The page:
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I regularly reflect on Prime Minister’s questions with Cabinet colleagues and others. For all its faults, and there are many, I would say that it has two important points: it puts the Prime Minister on the spot to the public, but it also puts the Government on the spot to the Prime Minister—needing to know issues right across every Department before coming to the House at 12 o’clock on a Wednesday is an important mechanism of accountability.
Given that Parliament may be moving out of this place in 2020, will the Prime Minister take that opportunity to share the joys of Prime Minister’s questions, which he has just outlined, and this federal Parliament by convening it in each of the nations of the United Kingdom and thereby symbolise his Government’s and this Parliament’s commitment both to the Union and to devolution?
As I said in an earlier answer, I am committed to trying to cut the cost of politics, and I am not sure that that would help. It is important that we take our politics and issues to all the different regions of the country, and that is something the Government are very committed to do, not least with our regional economic plans for every region of our country. As for the future of this House of Commons and where we stand and where we debate, that is a matter for the House of Commons, but I have to say that I have a slight emotional attachment to this place—the place at this Dispatch Box specifically.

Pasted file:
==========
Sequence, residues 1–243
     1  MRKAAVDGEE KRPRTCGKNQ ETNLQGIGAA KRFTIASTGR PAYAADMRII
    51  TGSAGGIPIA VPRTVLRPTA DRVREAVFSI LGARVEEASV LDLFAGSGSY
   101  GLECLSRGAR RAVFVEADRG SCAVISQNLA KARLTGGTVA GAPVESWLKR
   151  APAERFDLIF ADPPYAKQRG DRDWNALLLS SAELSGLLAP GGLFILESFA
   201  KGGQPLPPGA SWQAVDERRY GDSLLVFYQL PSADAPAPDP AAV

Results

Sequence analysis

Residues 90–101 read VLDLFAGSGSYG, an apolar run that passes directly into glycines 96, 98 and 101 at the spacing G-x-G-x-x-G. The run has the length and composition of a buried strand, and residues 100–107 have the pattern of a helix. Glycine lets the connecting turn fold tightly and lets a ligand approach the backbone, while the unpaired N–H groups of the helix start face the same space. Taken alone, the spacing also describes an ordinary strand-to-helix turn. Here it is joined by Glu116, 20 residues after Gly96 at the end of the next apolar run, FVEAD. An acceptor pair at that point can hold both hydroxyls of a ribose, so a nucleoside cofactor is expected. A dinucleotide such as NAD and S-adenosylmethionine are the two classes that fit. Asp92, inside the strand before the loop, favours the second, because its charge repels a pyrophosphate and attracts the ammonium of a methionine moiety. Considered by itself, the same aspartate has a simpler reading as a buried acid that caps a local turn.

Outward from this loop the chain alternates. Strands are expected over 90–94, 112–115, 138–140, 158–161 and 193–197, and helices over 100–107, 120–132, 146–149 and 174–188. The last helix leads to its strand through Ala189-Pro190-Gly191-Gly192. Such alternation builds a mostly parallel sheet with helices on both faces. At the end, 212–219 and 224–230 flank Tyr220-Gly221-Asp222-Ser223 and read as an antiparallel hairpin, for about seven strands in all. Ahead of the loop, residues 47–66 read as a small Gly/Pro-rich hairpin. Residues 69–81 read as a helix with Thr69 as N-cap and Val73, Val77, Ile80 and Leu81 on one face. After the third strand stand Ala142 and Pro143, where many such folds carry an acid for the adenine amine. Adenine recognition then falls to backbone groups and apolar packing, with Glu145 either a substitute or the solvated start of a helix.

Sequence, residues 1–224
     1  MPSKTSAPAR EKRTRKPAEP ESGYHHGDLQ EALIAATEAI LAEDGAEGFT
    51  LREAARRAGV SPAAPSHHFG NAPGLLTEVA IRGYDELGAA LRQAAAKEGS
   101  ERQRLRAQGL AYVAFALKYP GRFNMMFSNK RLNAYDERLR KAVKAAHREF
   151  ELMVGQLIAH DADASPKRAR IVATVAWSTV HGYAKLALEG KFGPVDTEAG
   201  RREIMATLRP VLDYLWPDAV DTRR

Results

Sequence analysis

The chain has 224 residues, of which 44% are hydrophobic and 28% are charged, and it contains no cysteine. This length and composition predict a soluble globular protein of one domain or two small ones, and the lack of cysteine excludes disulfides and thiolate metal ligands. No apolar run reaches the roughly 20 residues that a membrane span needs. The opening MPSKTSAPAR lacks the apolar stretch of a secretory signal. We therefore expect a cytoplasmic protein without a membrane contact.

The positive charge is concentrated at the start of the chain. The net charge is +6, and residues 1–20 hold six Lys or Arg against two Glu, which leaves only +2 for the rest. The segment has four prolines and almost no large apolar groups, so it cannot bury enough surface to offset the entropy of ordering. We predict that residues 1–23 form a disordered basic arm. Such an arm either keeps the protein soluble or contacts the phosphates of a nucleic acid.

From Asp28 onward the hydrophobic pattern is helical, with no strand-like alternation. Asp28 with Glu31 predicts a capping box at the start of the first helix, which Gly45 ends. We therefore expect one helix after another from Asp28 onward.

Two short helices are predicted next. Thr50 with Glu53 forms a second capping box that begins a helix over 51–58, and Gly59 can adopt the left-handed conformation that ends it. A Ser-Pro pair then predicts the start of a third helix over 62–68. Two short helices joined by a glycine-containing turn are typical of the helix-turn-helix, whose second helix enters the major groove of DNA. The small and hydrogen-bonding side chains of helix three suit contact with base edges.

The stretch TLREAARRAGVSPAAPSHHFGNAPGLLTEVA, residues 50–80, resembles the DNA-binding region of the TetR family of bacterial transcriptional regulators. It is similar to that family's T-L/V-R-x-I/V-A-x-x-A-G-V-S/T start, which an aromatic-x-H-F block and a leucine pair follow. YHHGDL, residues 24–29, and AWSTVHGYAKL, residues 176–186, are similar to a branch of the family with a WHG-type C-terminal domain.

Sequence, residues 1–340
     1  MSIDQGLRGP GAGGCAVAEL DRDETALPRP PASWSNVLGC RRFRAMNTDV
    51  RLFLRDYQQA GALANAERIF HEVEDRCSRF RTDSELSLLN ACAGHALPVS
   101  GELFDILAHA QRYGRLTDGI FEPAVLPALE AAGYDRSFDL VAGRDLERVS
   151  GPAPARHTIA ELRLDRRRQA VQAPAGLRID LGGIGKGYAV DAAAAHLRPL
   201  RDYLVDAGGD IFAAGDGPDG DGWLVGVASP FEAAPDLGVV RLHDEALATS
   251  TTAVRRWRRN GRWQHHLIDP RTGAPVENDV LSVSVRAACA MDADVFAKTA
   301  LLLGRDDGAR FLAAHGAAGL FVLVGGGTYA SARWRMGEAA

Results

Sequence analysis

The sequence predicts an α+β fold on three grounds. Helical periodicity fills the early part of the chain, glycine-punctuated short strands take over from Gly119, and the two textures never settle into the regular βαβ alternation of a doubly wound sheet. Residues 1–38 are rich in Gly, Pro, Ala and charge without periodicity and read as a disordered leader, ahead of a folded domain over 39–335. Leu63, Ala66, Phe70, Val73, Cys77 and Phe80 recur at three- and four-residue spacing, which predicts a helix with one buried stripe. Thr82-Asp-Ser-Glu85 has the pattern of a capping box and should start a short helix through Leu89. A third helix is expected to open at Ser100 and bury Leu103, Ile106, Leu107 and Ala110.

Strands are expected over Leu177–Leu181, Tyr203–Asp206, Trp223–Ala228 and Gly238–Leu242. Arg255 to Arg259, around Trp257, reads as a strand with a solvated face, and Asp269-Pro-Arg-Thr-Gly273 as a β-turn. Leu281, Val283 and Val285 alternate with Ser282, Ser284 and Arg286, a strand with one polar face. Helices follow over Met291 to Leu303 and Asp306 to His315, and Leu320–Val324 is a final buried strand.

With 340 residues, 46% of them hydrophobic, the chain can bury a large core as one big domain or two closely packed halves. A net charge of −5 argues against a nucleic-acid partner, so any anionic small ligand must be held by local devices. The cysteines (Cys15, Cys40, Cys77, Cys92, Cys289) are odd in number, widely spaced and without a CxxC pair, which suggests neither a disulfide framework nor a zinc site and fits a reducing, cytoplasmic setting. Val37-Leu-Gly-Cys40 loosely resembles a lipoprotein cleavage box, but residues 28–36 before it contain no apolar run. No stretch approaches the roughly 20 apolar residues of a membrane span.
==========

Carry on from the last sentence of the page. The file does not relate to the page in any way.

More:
The brass fittings on that Dispatch Box are worn paper thin by the sweat from the palms of Prime Ministers and Ministers down the ages. That is a visual example of parliamentary accountability. Although our constituents rightly feel that, at times, this session is a little absurd, does my right hon. Friend agree that it would be a great pity if senior members of the Executive were not held to account in that way?
I agree with my hon. Friend. I remember taking some constituents on a tour when I first became a Member of Parliament and hearing for the first time something I had not known—namely, that after this Chamber was bombed some of Winston Churchill’s most important speeches and parliamentary occasions took place in the other place rather than here. I do not want to start a complete fight between both Houses, so I think I will leave it at that.